Moving inside, consider your bay options. There are two types of bays: single (drive-in/back-out) or double, (typically, the vehicles enter from either side and park blade to blade). Most managers prefer double bays, but singles can also suffice. Site constraints often dictate the decision.
$64,000 Question: How to Lift
Site constraints aside, the decision that drives the design of the entire building concerns heavy lifting. Your choice—overhead crane, jib crane, vehicle lift, or forklift—affects the building height, structure, and heating system, and forces the architect to consider where and how the overhead doors will track. A crane might not be in your immediate plans, but it might be a good idea in the future—so really think this through, and keep your options open.
Why make a big deal of this? Because it affects how efficiently your shop operates. Let’s say you opt for an overhead crane. Make sure the overhead doors run up between the wall and the craneway beam and up over the bridge. Oops—ducts or heat or whatever are often located up there. So, think about how all these items can co-exist. And what happened to all your drops, like electric, and exhaust, and oil and grease reels? They’re not dropping now, not with an overhead bridge crane running through. It’s easy to picture the reels coming off a column on a rack; it’s another to figure out how to run all the pipes to that column—and where are those overhead doors again?
Is an overhead crane necessary? No. But snowcats and plows and front end loaders have heavy components and implements you often need to lift up and off, and an overhead crane does this really well. If you’re a Stowe or a Snowmass, plan for a crane. If you can’t afford the equipment when you erect or expand your building, budget to buy one later—and design the structure for the loads and the vertical space that a three-ton crane will need. It’s cheaper to install the structural steel for the seats or craneway beams initially than to add them later. Sun Peaks took this route, for example.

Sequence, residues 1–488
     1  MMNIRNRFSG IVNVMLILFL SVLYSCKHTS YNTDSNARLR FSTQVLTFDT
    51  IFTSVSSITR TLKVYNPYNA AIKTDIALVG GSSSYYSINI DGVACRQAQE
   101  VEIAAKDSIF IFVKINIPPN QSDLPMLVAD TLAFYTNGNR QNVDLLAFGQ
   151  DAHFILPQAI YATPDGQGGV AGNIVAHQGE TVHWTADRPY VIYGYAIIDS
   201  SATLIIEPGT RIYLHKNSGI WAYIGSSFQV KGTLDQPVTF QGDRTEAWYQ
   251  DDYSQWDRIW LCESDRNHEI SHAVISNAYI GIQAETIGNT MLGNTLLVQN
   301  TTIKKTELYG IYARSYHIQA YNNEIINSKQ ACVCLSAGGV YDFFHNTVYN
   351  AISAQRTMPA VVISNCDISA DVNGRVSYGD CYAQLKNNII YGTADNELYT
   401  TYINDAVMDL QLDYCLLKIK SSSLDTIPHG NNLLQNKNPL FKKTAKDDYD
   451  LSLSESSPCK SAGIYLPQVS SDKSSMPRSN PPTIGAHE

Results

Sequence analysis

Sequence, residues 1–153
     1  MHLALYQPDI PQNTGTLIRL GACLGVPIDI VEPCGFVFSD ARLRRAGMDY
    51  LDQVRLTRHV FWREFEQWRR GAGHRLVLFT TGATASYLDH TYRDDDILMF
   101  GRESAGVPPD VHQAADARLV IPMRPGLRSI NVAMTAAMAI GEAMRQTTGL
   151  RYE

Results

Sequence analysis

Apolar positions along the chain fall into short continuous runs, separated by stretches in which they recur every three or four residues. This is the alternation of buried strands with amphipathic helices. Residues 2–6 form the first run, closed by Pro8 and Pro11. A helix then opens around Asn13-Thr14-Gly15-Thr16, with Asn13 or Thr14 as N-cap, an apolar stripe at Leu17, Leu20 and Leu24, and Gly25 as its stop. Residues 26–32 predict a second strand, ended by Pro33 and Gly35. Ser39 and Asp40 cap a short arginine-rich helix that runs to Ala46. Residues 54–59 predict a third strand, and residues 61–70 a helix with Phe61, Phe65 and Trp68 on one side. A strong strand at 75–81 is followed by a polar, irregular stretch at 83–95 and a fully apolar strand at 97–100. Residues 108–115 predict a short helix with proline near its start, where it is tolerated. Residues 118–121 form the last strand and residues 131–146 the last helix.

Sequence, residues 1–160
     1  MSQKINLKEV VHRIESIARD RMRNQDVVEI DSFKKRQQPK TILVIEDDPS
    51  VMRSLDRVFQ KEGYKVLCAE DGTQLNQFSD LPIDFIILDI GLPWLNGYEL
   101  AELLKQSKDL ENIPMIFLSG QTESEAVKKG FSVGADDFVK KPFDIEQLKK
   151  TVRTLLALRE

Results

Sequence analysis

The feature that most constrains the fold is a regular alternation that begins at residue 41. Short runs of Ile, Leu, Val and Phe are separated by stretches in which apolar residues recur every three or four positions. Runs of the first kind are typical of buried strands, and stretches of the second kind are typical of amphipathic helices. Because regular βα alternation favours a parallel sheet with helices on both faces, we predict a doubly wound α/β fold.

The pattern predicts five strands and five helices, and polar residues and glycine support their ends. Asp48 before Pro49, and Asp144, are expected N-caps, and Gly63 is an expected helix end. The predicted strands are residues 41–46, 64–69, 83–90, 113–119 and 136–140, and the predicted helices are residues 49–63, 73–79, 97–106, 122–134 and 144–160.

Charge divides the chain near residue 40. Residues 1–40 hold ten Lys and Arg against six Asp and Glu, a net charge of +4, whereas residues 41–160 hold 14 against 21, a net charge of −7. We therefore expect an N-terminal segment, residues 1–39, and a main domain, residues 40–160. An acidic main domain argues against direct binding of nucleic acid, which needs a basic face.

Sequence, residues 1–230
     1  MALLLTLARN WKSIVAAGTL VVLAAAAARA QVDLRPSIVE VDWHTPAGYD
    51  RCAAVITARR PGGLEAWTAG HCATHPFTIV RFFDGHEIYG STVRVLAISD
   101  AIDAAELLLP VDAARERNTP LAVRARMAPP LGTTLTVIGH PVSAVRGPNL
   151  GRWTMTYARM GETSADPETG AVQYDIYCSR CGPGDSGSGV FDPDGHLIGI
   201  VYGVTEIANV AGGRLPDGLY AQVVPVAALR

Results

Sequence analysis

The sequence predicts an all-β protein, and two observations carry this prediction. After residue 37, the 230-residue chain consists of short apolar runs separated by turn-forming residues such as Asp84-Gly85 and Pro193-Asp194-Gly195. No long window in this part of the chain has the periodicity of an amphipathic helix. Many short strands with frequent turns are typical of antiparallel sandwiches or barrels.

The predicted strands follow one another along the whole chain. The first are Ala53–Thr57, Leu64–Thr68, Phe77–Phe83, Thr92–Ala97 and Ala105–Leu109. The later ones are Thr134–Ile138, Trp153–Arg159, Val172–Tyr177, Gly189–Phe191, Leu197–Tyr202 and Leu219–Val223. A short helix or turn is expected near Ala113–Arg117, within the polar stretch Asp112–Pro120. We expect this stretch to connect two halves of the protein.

Next decision: Which type of overhead crane will you install—underhung or top-running? Top-running requires fixing a crane rail to the top flange of the craneway beams. That means more material and labor to get them lined up straight and parallel.
Now the real nitty-gritty: How long should the bridge be, and which direction should the bridge travel? If you have double bays, are you going to span 70 feet with the bridge, or just half? Or, are you going to run the opposite direction and the depth of just one double bay? (Does your hair hurt yet?)
Here’s a thought. A double bay has space for two snowcats. If you run the crane down the bay, when you take something off one cat you can only put it in one spot. If you have three or more double bays, and you run the crane across from left to right and maybe only span half the building, you have two or more places to put something.
Smaller resorts with only a couple of bays can opt for a jib crane with a long swing located between two bays—you might want to share it with the welding and fab bay.
Another reason to raise the roof, whether you install a crane or not: vehicle lifts (full disclosure: this is how I make my living). Lifts provide access to the underside and really unlock the human potential for productivity. Think back to that guy on the creeper we talked about. Lifts enable mechanics to do better quality work in less time—just ask anyone who’s got one. But you don’t want the overhead crane hook to grab the winch of a cat on a lift as the crane’s traveling through the shop, so raise the roof some more to make sure you’ve got enough height under the hook.
As you think all this through, recall your earlier decisions on the roofline and how that will impact your structure. Yeah, now your hair hurts.
Is the Heat On?